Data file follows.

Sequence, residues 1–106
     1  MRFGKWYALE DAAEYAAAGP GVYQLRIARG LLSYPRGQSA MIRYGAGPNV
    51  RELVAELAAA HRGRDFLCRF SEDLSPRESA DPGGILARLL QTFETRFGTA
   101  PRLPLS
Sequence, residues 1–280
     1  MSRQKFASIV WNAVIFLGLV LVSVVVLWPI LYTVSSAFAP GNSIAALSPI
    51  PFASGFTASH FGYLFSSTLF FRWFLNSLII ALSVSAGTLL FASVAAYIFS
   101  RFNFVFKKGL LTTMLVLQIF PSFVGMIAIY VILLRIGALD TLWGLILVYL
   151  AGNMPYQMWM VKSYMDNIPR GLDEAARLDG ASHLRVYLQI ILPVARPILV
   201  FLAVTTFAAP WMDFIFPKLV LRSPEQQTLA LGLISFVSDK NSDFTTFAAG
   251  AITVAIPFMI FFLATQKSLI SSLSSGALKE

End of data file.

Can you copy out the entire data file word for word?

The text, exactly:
Sequence, residues 1–106
     1  MRFGKWYALE DAAEYAAAGP GVYQLRIARG LLSYPRGQSA MIRYGAGPNV
    51  RELVAELAAA HRGRDFLCRF SEDLSPRESA DPGGILARLL QTFETRFGTA
   101  PRLPLS
Sequence, residues 1–280
     1  MSRQKFASIV WNAVIFLGLV LVSVVVLWPI LYTVSSAFAP GNSIAALSPI
    51  PFASGFTASH FGYLFSSTLF FRWFLNSLII ALSVSAGTLL FASVAAYIFS
   101  RFNFVFKKGL LTTMLVLQIF PSFVGMIAIY VILLRIGALD TLWGLILVYL
   151  AGNMPYQMWM VKSYMDNIPR GLDEAARLDG ASHLRVYLQI ILPVARPILV
   201  FLAVTTFAAP WMDFIFPKLV LRSPEQQTLA LGLISFVSDK NSDFTTFAAG
   251  AITVAIPFMI FFLATQKSLI SSLSSGALKE